• Feb 22, 2006
Toronto-based Hymotion has unveiled unique plug-in kits for the Toyota Prius and Ford Escape Hybrid that it will initially be selling only to fleet customers. The plug-in kits add a supplementary pack of lithium-ion batteries to each vehicle’s original NiMH system. The new Li-ion packs tap into the vehicles regenerative braking to restore energy and can also be fed from the engine and the power grid when it’s plugged in. Aside from that each hybrid operates normally and would return to using its factory battery pack.
A Prius kit for fleet orders over 100 will cost about $9,500 CN or $8,286 US. Pricing hasn’t been announced for the Escape Hybrid plug-in kit, but Hymotion promises it will be 2.5 times more powerful than the Prius kit, and subsequently more expensive.


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    • 1 Second Ago
  • 11 Comments
      Sgt. Hulka
      • 8 Years Ago
      $8300?? No problem. What is cost when one is out to save mankind.

      "For Mother Earth"
      - Bumper sticker seen on Prius in NE Ohio
      • 8 Years Ago
      9000$ is a lot. But i thought maybe, since a car like this could feasibly never need to fill up on gas, it would drastically reduce the cost of running it. But then i looked at the cost of electricity. I'm from Montreal, where just about all our electricity comes from hydro damns. Our electricity is therefore clean (considering that the damage has been done, as far as the damns go) and pretty cheap. So i took us as an example with some optimism that some day most of the world would be running on sustainable energy. We pay around 4 cents US for a kilo-watt-hour, which is a convoluted unit of energy, equal to 3.6 mega joules. Meanwhile, gasoline contains about 130 mega joules per gallon. So that's 90 mega joules per dollar for hydroelectricity, vs about 60 for gasoline, taking $2.20 a gallon. So you'd be getting about 1.5 times your miles per dollar in one of these cars, which would take a long time to recoup the 9000$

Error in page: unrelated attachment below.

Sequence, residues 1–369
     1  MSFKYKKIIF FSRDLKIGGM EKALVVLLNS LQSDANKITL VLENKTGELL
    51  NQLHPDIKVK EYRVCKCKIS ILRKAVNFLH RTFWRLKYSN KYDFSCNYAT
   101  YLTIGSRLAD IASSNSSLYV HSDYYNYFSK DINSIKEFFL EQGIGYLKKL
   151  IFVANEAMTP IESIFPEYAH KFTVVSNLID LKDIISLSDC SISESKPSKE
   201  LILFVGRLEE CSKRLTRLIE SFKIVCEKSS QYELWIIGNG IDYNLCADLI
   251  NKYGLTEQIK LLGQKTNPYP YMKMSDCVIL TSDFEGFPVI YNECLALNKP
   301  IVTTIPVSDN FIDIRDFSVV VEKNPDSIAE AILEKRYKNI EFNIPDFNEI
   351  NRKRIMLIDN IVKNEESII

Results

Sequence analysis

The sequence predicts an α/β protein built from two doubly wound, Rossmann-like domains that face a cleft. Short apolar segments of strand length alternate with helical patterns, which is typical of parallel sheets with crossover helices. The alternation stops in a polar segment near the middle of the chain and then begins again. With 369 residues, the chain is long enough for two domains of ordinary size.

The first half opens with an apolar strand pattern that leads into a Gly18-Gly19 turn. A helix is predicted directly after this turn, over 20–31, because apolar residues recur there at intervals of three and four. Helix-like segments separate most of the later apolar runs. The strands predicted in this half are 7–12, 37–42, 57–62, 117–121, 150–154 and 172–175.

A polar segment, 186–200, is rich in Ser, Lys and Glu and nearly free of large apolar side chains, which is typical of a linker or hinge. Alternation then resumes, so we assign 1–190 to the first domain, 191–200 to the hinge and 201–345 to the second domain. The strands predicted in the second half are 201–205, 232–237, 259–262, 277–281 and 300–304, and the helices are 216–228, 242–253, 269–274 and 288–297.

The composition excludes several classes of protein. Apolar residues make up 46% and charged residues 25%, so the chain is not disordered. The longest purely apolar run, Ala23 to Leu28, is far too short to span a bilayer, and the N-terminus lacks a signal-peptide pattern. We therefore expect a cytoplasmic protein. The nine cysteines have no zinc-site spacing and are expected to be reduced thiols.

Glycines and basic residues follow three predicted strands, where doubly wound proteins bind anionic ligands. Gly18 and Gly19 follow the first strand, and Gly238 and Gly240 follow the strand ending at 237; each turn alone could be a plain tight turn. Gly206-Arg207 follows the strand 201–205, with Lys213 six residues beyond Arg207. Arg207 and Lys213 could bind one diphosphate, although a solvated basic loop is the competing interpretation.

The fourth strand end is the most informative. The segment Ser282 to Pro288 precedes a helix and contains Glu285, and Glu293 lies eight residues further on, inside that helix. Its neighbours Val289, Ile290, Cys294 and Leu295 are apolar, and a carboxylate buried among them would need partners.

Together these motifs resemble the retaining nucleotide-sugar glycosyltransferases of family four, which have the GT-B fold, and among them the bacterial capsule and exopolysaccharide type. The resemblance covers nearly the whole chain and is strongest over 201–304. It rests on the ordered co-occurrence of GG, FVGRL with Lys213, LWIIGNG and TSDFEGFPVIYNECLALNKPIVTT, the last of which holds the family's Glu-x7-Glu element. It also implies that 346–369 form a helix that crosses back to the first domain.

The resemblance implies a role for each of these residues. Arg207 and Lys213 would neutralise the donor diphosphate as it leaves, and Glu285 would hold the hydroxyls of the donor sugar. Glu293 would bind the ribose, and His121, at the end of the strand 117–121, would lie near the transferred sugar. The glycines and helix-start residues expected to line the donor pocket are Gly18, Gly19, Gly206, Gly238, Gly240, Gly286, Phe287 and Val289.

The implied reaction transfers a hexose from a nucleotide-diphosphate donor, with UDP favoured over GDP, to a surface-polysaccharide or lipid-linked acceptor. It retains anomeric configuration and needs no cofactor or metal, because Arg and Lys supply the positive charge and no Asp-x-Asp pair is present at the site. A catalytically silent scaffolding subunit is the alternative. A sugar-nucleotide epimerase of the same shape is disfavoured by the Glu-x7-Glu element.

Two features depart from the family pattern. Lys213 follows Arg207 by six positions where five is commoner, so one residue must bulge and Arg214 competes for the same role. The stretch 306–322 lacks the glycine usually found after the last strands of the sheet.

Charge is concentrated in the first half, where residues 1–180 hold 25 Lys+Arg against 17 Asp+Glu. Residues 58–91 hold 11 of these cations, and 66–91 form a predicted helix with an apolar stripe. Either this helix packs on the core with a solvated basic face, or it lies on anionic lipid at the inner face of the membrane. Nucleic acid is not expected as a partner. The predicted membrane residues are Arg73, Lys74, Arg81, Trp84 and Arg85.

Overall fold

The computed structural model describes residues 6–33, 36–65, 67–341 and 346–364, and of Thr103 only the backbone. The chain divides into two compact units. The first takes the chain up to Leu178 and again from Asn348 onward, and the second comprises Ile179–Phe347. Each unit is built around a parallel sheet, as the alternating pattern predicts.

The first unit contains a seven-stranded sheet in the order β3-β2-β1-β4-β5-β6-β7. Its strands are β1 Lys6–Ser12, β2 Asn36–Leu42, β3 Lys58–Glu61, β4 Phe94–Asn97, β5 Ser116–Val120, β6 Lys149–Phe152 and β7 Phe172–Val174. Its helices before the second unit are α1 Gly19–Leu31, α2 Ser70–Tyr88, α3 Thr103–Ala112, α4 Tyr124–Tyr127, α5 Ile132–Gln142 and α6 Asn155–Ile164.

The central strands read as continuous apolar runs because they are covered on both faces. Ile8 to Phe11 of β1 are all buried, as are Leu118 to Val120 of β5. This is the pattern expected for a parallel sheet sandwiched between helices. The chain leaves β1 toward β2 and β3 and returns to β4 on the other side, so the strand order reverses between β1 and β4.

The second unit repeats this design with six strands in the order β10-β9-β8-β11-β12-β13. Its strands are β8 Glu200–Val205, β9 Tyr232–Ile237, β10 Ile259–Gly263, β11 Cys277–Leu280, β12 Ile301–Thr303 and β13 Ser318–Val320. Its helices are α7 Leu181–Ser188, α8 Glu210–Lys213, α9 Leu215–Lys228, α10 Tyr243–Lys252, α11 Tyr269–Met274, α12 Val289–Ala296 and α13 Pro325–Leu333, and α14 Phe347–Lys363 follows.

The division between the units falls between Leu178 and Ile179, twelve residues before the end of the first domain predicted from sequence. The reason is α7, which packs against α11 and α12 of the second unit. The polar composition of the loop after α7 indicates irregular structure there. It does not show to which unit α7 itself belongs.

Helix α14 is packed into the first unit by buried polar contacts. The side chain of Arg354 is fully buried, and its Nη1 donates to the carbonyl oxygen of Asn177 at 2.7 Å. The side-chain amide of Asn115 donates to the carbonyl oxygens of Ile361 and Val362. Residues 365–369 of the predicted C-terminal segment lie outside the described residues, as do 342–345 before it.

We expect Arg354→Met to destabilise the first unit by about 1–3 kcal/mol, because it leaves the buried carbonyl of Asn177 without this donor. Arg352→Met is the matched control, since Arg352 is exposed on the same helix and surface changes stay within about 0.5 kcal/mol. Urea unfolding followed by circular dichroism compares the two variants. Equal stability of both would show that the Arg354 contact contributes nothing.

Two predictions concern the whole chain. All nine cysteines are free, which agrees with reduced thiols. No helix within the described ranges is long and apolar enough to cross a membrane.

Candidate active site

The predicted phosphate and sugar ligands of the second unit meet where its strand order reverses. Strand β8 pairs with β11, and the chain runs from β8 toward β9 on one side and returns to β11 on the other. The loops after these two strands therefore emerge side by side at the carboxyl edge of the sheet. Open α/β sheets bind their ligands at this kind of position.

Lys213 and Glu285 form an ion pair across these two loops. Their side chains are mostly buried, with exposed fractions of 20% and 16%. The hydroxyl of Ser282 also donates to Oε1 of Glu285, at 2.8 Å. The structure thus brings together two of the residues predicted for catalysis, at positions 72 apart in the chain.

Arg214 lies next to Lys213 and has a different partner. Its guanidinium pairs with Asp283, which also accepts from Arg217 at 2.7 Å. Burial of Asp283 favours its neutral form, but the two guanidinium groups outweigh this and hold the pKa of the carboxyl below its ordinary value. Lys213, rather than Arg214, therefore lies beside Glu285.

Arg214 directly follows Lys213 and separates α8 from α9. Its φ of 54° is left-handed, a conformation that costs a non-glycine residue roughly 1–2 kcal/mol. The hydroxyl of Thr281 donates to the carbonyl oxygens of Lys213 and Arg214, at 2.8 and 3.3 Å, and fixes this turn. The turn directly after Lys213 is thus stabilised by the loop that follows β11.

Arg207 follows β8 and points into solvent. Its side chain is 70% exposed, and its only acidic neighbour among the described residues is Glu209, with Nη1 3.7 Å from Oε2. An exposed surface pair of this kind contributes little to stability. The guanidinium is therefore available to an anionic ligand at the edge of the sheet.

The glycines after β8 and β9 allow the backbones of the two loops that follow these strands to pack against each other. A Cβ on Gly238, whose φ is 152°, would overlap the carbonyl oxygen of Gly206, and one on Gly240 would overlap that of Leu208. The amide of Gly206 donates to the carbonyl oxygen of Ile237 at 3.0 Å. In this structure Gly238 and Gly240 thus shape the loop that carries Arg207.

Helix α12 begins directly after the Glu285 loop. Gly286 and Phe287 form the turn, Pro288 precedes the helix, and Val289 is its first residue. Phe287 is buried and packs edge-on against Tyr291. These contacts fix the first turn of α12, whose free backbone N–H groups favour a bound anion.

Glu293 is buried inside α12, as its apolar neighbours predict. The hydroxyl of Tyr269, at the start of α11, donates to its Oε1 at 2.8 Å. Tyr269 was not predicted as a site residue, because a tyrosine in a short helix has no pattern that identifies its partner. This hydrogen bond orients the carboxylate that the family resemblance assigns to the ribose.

Still, plug in hybrids really do offer a gradual path to 100% electric vehicles. To me, if battery technology comes far enough along, they could just be simpler than, producing electricity, using the electricity to make hydrogen, and storing that hydrogen on the car. Could be easier to just store the electricity in the car. We already have a network for distributing electricity, though it'd need to be beefed up to handle all of transportation. It just seems like a gradual progress to build plug in hybrids and eventually 100% electric cars than to make this ggreat leap to hydrogen fuel cells.
      • 8 Years Ago

      Hmmmm

      lets see

      $8000

      That would approximate about 80 fill ups in my old Suburban.

      Talk about not worth it.
      • 8 Years Ago
      I'll wait until competition drives these prices down.
      • 8 Years Ago
      Hulka, I believe the cost is about $600 for a nice Trek road bicycle to take to work.
      • 8 Years Ago
      that would just be too cool if the plug really was the same size as the hood of the car...
      i'd buy the prius and the system just to feel like a Little.
      • 8 Years Ago